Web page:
Socialist Approach And Total Revolution


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Socialist approach

  • In simple language socialism can be regarded as a movement against the inequality existing in the present social order.
  • It is a plan for a new social order based on justice, equality, free from exploitation of man by man, a co-operative commonwealth of mankind.
  • Though socialists differ among themselves on a number of points, there are certain basic principles, on which every socialist agrees.
  • These are –
  1. Socialism wants to establish the importance of the society over the individual.
  2. It wants to abolish competition.
  3. It wants to abolish private enterprise.
  4. It wants to establish a proper system of distribution.

Nehru and Socialism

  • It is well known that Nehru was vehemently opposed to doctrinaire Socialism, but for almost half a century he was trying to formulate a set of mutually consistent principles and ideas, which, if adopted as a whole, would ensure a socialist reconstruction of society through the democratic process, rather than insurrectionary violence or a cataclysm, and without democracy being undermined in the process of achieving the goal.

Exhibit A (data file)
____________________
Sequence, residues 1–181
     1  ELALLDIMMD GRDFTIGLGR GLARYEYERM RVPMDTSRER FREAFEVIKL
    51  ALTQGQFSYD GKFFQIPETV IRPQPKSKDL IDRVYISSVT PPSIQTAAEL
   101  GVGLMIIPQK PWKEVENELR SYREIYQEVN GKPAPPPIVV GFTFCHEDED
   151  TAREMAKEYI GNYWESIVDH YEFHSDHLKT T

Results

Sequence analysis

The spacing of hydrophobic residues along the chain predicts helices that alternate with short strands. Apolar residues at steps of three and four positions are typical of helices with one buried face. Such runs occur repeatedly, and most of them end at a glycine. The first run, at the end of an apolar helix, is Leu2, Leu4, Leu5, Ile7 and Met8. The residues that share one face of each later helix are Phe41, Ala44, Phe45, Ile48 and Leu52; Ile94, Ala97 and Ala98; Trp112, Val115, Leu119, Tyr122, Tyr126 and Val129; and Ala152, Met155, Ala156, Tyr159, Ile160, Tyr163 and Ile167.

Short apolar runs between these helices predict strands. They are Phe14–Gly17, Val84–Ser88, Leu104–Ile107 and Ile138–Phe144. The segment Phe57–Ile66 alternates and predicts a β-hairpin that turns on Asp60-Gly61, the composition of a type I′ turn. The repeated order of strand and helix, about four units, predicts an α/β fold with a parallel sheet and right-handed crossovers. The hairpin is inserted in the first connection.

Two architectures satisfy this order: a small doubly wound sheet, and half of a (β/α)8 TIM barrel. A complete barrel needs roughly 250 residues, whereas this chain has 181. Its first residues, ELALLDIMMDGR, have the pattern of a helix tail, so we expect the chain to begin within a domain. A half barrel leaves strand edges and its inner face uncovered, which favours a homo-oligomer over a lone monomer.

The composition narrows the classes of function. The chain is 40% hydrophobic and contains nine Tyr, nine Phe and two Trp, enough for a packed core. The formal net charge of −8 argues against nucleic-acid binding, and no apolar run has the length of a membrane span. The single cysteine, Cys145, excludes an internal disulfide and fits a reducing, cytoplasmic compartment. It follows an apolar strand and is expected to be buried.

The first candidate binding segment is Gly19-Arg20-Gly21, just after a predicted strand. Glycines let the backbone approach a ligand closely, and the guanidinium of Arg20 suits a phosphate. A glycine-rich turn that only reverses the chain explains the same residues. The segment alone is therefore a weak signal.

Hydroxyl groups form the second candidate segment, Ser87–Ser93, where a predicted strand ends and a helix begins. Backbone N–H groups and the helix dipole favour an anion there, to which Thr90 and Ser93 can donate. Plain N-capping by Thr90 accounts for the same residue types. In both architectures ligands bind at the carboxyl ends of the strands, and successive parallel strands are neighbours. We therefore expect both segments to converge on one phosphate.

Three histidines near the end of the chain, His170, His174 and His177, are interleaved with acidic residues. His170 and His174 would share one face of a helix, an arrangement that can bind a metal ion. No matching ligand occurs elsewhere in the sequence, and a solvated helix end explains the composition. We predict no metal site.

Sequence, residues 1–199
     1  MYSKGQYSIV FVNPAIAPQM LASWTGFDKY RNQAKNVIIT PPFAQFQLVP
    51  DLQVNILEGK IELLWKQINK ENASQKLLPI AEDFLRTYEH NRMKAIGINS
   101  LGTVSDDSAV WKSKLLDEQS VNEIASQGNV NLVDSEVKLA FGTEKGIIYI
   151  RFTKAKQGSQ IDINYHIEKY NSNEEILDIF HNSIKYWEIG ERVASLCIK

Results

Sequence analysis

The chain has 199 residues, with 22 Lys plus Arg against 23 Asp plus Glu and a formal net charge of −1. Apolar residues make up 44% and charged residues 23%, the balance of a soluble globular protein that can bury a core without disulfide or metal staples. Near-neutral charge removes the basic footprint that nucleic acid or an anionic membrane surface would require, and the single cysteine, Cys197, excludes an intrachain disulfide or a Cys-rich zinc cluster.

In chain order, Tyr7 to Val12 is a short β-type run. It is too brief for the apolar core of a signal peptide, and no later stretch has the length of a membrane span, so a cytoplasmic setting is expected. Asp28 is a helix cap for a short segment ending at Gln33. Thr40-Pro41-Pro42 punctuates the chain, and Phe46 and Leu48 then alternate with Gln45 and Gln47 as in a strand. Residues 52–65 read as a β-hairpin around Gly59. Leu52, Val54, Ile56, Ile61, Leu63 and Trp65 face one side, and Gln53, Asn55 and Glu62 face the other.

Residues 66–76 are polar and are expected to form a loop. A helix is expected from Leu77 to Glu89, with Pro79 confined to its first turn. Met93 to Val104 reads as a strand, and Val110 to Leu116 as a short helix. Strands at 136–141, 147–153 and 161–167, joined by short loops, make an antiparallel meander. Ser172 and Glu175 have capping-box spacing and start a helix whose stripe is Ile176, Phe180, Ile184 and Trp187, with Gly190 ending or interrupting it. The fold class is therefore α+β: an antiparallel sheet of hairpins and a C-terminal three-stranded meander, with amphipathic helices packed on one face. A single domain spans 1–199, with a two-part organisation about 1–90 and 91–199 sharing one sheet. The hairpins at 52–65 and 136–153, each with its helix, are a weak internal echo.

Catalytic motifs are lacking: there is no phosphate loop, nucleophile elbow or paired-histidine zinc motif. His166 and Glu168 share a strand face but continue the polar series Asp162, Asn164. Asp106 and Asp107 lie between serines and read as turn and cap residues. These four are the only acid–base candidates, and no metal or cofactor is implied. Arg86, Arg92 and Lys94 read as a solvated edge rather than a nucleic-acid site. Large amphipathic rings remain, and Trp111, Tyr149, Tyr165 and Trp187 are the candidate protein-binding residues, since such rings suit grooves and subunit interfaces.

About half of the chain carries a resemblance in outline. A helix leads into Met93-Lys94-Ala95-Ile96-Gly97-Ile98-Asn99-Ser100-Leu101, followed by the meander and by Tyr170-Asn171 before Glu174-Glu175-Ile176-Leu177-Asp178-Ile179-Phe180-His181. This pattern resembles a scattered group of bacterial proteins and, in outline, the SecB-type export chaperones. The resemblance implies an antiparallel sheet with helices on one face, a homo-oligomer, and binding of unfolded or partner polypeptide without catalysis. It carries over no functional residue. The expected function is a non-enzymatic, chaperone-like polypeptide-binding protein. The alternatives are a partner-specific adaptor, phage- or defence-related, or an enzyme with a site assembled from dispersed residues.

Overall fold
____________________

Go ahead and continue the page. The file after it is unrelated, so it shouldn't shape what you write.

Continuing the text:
• To him the question of method was more important than anything else.
  • When some people lost their patience with Nehru's reference to the 'pragmatic approach', they hardly appreciated his anxiety to take account of the compulsions in the objective situation in India, which make radical economic transformation impossible for various reasons, including the lag in social transformation.
  • Any general attack on the problem of poverty, any movement in the direction of an egalitarian society, any basic change in the socio-economic institutions concerning the masses of the population, requires the agency and support of a political organisation like the Indian National Congress, which is India in microcosm with its divergent pulls of ideas and interests.